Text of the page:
Definition of multilateral in English:

multilateral

Pronunciation: /ˌməltēˈladərəl//ˌməltēˈlatrəl/

adjective

  • 1Agreed upon or participated in by three or more parties, especially the governments of different countries.

    ‘multilateral negotiations’
    ‘multilateral nuclear disarmament’
    • ‘The Prime Minister says that she is supporting the multilateral approach of the United Nations.’
    • ‘Further multilateral agreements to control nuclear weapons were both welcome to CND and blunted its cutting edge.’
    • ‘Canada complained that France was breaking multilateral trade agreements.’
    • ‘As a result, a multilateral nuclear arms race may erupt, which will pose a great danger to the world.’
    • ‘It is imperative for that meeting to launch a new round of multilateral trade negotiations.’
    • ‘In a sure sign of the times, there are increased warnings that the post-war multilateral trade system is breaking down.’
    • ‘Stronger European standards would have provided a basis for negotiating more effectively for multilateral standards.’
    • ‘The world is a safer place when multilateral processes are followed and the international rule of law upheld.’
    • ‘I will continue to seek solutions to the problems of this region through dialog and multilateral diplomacy.’
    • ‘In 1992 he was appointed director of multilateral policy and two years later director of planning.’
    • ‘Participating in ambitious multilateral commitments is therefore in their interest.’
    • ‘The United States was the driving force behind all the multilateral negotiations.’
    • ‘There have been eight rounds of multilateral trade negotiations since 1947.’
    • ‘The parties in the multilateral talks also include China, Russia, South Korea and the United States.’
    • ‘North Korea has repeatedly opposed the issue being raised during the multilateral negotiations.’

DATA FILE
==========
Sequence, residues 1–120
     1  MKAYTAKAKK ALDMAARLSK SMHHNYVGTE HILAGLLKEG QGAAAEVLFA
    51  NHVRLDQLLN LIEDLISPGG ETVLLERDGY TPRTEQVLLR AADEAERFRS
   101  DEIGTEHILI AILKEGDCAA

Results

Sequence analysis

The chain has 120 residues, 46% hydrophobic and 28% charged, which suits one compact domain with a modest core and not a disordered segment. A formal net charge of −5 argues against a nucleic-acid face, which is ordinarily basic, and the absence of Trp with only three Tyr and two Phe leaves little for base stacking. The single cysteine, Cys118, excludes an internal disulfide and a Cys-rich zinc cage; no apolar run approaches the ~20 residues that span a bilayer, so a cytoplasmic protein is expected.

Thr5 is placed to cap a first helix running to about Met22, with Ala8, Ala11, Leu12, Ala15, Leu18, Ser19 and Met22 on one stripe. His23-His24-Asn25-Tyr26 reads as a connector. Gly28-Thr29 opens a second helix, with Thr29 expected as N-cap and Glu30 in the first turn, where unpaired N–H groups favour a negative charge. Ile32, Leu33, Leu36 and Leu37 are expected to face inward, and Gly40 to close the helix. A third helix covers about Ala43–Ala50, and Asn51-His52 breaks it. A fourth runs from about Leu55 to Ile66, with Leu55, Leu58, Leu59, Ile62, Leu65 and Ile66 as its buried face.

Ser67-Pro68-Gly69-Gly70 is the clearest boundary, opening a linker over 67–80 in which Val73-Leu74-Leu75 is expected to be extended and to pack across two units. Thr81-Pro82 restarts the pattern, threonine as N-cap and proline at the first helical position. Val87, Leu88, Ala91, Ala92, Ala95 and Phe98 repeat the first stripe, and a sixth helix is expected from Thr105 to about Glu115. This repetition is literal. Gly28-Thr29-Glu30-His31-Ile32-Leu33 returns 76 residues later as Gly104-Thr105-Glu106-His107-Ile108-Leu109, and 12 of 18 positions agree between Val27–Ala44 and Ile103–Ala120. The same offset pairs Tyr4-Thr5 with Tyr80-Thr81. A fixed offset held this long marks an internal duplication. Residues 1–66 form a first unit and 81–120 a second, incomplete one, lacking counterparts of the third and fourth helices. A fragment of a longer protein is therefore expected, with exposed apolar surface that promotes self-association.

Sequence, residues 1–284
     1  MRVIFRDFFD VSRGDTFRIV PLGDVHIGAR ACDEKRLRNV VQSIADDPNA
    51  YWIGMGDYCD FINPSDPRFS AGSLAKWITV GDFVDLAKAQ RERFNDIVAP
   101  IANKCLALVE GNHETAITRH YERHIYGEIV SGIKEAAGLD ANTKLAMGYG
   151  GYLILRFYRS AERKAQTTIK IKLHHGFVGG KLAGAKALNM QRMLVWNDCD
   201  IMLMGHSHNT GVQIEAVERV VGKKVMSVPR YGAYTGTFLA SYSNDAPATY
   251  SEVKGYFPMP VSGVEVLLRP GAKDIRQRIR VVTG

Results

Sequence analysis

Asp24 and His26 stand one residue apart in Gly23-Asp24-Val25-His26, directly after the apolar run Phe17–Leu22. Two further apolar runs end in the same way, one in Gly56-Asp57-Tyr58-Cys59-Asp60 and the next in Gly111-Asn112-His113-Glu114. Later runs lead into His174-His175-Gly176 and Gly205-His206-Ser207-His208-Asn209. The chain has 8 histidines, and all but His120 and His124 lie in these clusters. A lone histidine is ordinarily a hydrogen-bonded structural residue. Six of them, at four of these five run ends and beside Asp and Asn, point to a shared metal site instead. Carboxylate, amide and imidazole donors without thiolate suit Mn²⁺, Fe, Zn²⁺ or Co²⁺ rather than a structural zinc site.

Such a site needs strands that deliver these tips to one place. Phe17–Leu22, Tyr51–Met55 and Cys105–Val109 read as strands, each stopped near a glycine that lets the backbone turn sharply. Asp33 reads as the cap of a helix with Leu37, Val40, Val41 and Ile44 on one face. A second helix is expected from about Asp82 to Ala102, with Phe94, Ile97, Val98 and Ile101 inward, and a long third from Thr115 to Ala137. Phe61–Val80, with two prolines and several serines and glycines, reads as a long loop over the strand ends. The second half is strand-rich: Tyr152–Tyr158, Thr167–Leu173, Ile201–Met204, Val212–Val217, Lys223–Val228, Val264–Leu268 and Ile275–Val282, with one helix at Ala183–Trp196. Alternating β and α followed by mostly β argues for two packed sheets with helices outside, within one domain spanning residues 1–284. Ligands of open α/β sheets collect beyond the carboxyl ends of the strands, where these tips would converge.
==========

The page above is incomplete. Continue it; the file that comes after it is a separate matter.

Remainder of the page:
• ‘He was outlining our multilateral disarmament policy.’
    • ‘What I am satisfied of is that New Zealand has done the right thing in agreeing to be part of this very important multilateral initiative.’
    • ‘Our interests are best protected not by unilateral action but by multilateral agreement and a world order governed by rules.’
    • ‘Talks between the two countries hold the key for the multilateral negotiations.’
    • ‘The multilateral negotiations offer us the best opportunities as a trading nation.’
    1. 1.1 Having members or contributors from several groups, especially several different countries.
      ‘multilateral aid agencies’
      • ‘Some of the multilateral agencies are not just focusing on GDP figures at this point.’
      • ‘The first Chennai Water Supply Project, also funded by the multilateral agency, was completed six years ago.’
      • ‘The role and relative importance of multilateral institutions have already changed too.’
      • ‘It is not, and was never meant to be, a multilateral development aid agency for the poorer countries of Europe.’
      • ‘New or not, the council members said the need for a multilateral organization is real.’
      • ‘On the regional level, there has been an extraordinary proliferation of multilateral organizations and agreements.’
      • ‘Much of this increase is through multilateral agencies as well as direct bilateral assistance.’
      • ‘Of course the Pacific Islands Forum itself is a multilateral organisation, and the support was offered unanimously.’
      • ‘The last 20 years have seen a change in the relative efficiency and effectiveness of multilateral and bilateral aid.’
      • ‘It is a multilateral aid programme and operates on the basis of voluntary contributions pledged at irregular intervals.’
      • ‘It began with individual bankers and advisers giving way to multilateral agencies.’
      • ‘Aid programmes in such regimes are done through multilateral institutions which bypass the government.’

Pronunciation:

multilateral

/ˌməltēˈladərəl//ˌməltēˈlatrəl/